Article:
Act your age
I smiled, remembering my own hi-jinks and clean fun- road trips and loud laughter and silly fun. Ahhh, youth.
Those kind of memories are satisfying because that is how youths act, college or no. They're boisterous, they're lively, they're carefree, they're happy.
Kim Shay at The Upward Call blog published a good essay a few days ago about older women not being a trope. (In TV or Movies a trope is a common overused theme or device). In many TV shows, the older women is depicted as silly, or a gossip, or a busybody. Think Hyacinth Bucket (Bou-quet) or the sanctimonious Church Lady of Saturday Night Live by Dana Carvey. Or Mrs Bridgette McCarthy on Father Brown, a church secretary, gossip, and often at odds with and acerbic toward other characters.
It was a look at how older women should act according to Bible verses that command reverence and sober-mindedness.
I'm an older woman now I'm almost 58 years of age. I have completely white hair, overweight, a lumbering stiff walk, and oh my achin' back. All the things that come with old age, including sagging skin, age spots, and general droopiness.
|This isn't me. Yet.|
I remember being a teen at a friends' house listening to the latest music laying upside down, college road trips, my car stuffed with gangly youths, a young adult with my posse playing bar trivia...it was yesterday. Ladies, age creeps up on silent cat feet (with apologies to Carl Sandburg). The boisterous hi-jinks no longer suit. If I were to gadabout at CVS at midnight with pals, they'd lock me up for being crazy. Why? That's not how older women act.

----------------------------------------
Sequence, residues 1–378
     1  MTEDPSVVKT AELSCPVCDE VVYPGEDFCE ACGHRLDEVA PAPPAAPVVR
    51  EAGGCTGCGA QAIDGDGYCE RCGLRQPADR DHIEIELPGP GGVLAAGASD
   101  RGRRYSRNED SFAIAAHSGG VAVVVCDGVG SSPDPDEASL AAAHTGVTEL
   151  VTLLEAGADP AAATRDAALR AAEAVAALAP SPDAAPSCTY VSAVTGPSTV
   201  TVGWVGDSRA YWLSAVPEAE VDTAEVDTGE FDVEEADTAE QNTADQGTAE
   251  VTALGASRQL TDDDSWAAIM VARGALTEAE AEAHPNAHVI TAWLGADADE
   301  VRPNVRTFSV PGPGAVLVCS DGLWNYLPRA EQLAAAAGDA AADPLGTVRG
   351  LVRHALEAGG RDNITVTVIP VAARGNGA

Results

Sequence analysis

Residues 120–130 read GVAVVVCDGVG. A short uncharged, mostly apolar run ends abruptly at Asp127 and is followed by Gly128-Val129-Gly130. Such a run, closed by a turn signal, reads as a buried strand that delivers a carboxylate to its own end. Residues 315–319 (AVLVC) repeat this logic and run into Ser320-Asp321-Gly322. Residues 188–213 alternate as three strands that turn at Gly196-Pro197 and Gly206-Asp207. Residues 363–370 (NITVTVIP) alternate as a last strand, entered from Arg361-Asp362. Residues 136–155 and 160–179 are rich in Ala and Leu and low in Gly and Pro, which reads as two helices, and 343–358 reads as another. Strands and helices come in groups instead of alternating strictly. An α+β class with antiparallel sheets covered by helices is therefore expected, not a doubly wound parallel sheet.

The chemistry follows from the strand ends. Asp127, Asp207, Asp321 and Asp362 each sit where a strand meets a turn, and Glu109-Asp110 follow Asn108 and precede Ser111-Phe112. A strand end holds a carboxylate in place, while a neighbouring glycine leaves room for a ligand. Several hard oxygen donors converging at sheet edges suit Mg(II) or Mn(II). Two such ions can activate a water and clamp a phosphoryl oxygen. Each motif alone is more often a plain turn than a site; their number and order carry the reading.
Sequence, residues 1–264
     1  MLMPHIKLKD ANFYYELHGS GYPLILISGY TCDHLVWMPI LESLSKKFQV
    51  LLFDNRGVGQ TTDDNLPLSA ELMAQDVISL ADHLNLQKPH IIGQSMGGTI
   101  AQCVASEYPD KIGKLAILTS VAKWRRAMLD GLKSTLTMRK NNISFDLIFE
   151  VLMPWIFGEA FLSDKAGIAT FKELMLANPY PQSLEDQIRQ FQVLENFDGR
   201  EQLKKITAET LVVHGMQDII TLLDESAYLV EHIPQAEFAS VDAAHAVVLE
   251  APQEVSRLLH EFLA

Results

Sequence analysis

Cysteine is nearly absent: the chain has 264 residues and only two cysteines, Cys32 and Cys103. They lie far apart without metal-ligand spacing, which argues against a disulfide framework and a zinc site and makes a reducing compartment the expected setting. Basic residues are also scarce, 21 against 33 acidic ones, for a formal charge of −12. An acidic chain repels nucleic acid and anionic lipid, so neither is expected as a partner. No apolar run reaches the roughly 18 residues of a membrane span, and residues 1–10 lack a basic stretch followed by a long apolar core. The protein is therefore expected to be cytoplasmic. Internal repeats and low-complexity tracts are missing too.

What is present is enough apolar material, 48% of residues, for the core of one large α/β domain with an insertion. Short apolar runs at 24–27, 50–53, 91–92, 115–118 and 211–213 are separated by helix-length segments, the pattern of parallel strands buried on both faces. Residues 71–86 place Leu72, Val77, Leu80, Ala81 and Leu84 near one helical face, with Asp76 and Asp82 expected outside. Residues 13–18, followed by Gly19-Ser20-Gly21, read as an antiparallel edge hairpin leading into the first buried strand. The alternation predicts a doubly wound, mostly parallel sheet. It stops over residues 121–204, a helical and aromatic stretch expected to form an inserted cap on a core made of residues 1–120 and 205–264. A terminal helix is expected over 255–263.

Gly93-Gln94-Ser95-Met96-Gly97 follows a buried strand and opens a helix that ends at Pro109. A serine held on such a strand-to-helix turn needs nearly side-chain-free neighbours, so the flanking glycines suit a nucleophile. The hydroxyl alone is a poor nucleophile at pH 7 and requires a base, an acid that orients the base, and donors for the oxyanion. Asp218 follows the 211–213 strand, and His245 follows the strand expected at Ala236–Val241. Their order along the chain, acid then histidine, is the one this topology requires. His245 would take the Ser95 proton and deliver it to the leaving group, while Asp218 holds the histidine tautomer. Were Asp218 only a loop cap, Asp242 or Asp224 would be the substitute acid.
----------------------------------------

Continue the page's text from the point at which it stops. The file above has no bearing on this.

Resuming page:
They line the wall at dances sitting in folding chairs, purses firmly atop lap. They tut-tut at the beauty and litheness of the young ones sailing by. They cook and serve the meals with a knowing nod and quiet hospitable satisfaction. They accept collect calls from grandkids at midnight when the car breaks down on the way home from hi-jinks. They rearrange the potlucks on the sagging table, they form the cleanup swat team afterwards. I should say instead, we. I'm a we now.
I know some of these are a writing trope in themselves, but they are tropes because they are true.
Kim wrote: "My husband once asked me with regard to the women who have spoken at my church's women's conferences: "Why is the speaker always young and beautiful instead of old and plain?"
So since we have been at it longer what do we say about how to conduct ourselves? Well, whatever the Bible says about our conduct. Before I get into the nuts and bolts of biblical behavioral standards, I'll mention that whenever I discuss behavioral standards, particularly applied to false teachers, these comments receive the most negative feedback of all the kinds of comments I make online. People hate to be reminded that the Bible endlessly outlines behavioral standards of any kind. There are general calls for certain kinds of good behavior, there are specific calls for individual demographics, and there is a reminder that we will be judged on how we behaved as well as what we believed.